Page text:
You are a Packing Pro Now

Packing-moving-boxes-organize-organizing-list  

 
Packing for Your Move in Tulsa ---Now You are the Professional

Now that you've used a huge pile of boxes and tape, your garage is overflowing with packed boxes, and you're dining on paper plates with forks leftover from your last fast food meal, the uncomplicated part is over. Now that you're almost there, a day or two ahead of the truck arriving, it's time to get the final tasks accomplished.

You will likely require a ladder for the next to-do items, along with the tools outlined in our last post. If you have had heavy window coverings you will likely need some wood filler, also. If you are DIY moving, you'll need moving blankets, baggies or small containers, and plastic wrap on a large spool for furniture, mirrors, art and lighting.

Be Flexible and Plan Ahead

Packing for a move takes a lot of time and dedication, and you need to plan for that if you're going to handle it yourself. A large dry-erase calendar will help keep you on point, and you can edit it as needed. There are three stages of a move--purging, packing, and the move itself--and keeping on top of steps 1 and 2 should make step 3 a lot less stressful.

One of the larger errors you can make as a pack-it-yourselfer is overloading boxes. Books are a big offender; they are relatively not large but they're heavy. Four or five hardbacks is adequate for a small box, so fill in the rest of the box with lighter weight accessories--coasters, photos, magazines--that will go back in the same room or bookcase with the books themselves.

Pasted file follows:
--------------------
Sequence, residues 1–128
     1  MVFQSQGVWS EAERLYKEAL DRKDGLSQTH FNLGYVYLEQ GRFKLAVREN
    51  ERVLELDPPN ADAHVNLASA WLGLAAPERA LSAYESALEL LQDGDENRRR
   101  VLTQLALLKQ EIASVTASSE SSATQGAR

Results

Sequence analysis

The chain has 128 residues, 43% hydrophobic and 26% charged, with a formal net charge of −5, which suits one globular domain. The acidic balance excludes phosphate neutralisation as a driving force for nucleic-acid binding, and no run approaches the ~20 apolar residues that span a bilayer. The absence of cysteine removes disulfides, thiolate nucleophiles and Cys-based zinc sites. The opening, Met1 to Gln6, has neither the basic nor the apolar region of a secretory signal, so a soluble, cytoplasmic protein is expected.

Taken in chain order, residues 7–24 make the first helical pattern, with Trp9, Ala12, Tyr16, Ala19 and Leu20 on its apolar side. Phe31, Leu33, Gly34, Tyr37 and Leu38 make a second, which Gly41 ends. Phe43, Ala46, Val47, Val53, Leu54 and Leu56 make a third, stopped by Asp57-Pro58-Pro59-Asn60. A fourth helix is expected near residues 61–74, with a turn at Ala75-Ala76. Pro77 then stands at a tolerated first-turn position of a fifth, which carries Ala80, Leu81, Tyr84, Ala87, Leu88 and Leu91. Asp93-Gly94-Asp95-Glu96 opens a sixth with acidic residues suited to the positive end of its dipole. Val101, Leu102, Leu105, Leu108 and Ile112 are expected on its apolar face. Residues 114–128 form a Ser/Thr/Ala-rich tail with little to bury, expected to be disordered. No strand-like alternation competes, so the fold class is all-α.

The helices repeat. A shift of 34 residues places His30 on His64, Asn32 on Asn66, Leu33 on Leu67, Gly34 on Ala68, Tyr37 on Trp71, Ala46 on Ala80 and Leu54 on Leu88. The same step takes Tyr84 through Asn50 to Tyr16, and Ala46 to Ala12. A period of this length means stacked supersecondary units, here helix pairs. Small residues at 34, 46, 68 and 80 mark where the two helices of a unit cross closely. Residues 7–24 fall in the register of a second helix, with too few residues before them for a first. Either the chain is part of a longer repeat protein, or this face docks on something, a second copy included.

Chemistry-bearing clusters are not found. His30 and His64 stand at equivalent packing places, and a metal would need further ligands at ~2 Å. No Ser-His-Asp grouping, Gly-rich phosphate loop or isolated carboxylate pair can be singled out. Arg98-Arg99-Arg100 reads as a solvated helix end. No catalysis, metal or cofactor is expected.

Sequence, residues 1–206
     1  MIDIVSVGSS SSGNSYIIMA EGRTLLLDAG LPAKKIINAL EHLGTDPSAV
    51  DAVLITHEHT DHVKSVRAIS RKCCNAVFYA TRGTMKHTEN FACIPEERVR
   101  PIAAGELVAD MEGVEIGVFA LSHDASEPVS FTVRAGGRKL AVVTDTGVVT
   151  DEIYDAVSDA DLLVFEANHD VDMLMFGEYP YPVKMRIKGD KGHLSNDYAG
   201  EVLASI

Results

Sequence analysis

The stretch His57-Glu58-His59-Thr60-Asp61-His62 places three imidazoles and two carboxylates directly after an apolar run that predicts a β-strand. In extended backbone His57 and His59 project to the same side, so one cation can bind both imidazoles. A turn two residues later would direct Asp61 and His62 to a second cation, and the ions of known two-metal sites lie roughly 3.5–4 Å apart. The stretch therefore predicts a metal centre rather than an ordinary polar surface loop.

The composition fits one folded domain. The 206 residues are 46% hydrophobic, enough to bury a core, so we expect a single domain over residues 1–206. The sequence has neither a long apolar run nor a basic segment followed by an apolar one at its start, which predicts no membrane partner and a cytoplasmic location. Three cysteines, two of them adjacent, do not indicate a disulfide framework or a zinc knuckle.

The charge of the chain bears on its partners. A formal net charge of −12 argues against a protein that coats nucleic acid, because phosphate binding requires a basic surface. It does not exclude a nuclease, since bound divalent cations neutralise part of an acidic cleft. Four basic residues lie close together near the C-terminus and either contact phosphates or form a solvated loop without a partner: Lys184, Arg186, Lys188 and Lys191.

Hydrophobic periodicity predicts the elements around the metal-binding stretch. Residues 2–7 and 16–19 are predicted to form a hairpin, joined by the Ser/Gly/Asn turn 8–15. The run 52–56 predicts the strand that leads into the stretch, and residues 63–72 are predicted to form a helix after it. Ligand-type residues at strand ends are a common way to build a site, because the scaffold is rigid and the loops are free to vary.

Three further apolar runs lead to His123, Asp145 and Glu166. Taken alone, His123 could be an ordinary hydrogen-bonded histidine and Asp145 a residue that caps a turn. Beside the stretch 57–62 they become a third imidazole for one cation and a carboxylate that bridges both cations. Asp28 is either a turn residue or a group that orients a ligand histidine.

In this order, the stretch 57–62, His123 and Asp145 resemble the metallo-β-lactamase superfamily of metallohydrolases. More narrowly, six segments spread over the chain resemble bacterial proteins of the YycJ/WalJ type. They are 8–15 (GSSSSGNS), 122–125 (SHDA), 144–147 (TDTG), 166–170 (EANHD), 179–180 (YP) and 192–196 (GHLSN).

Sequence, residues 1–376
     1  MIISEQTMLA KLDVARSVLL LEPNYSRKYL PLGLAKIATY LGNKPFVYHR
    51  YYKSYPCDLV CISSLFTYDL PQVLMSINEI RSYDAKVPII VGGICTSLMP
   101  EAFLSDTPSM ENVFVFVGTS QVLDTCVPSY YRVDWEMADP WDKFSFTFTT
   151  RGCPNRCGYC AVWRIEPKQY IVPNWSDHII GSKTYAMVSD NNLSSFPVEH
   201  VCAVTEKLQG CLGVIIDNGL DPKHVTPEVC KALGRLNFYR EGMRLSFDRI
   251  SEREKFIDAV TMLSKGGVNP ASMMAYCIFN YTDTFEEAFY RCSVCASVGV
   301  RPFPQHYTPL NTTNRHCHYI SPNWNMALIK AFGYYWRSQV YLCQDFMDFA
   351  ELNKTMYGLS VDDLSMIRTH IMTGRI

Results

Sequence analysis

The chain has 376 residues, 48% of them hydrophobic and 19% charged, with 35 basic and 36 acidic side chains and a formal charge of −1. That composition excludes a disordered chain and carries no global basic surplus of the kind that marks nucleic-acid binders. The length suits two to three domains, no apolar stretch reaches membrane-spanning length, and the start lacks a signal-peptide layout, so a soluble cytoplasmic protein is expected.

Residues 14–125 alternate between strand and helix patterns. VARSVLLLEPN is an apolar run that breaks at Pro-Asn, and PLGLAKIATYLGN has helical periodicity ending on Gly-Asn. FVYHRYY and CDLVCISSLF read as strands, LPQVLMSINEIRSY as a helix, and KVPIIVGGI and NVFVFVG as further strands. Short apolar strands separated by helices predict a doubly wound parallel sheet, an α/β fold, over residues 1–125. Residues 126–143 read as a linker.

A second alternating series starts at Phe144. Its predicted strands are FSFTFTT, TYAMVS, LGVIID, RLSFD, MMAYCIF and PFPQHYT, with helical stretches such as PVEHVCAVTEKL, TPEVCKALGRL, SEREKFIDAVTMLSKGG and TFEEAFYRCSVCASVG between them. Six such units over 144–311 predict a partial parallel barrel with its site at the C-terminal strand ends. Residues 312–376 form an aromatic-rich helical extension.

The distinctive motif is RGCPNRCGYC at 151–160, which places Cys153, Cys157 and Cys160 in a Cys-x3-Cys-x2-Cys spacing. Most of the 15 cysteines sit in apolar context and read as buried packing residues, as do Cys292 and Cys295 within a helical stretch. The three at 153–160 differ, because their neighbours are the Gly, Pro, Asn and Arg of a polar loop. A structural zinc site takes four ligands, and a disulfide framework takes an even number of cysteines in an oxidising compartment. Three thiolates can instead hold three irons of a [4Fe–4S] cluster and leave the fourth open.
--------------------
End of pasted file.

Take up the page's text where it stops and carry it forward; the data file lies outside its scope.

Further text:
The Day Prior to M-Day in Tulsa

Now that the big day is tomorrow, it's time to tackle the pantry and the fridge. Unless you’re moving right around the corner, your best bet is to take all the unwrapped non-perishables to a food pantry, and toss the rest. For a short trip, you can put perishables in coolers containing dry ice, but food is a lot like your other items--is unpacking those half-empty jelly jars worth your time?

Movers frequently want the art and mirrors wrapped in bubble wrap or crated before they load them. If not, you still need to pad each piece (flannel sheets, beach towels, etc. work great between pieces) and move them in your car instead of the moving van. You can secure lighting with a seatbelt if you're moving yourself.

If you assembled any of your furniture, now is when you should dismantle it. Most furniture can be deconstructed with a slot or Phillips head screwdriver and a small hammer. Keep the bolts, screws, and other hardware in a baggie or container and label it, and tape it to the inside of a bed rail or a drawer so you can put it all back together again without having to run out to the local hardware store. It's a good idea to take photos of the hardware just in case something gets lost--and it will.

Pack up your cleaning supplies and plan on taking them to the new house in your automobile--the chemicals can't go on the truck.

Cover furniture in the moving blankets and secure the blankets with the shrink wrap. The wrap won't mar finishes and keeps drawers in place when chests are moving around.

Moving Day in Tulsa

If you have spent the final night in your house, you were smart enough to sleep on mattresses on the floor, since your beds have been disassembled. You've also packed a small bag with necessities for the day since all your clothes packed. Place your linens and towels in a large box or bag, and away you go. Movers schedule their days in blocks, so a large move could take multiple days. They'll likely be at your house first thing and ready to get started—the clock starts when they get there, not after you've had your coffee. It is going to be a tiring day, so respect their time and expertise by being ready for them.

Follow these tips for proper packing and you'll be promptly pleased with your new house—particularly when you can find the coffee pot.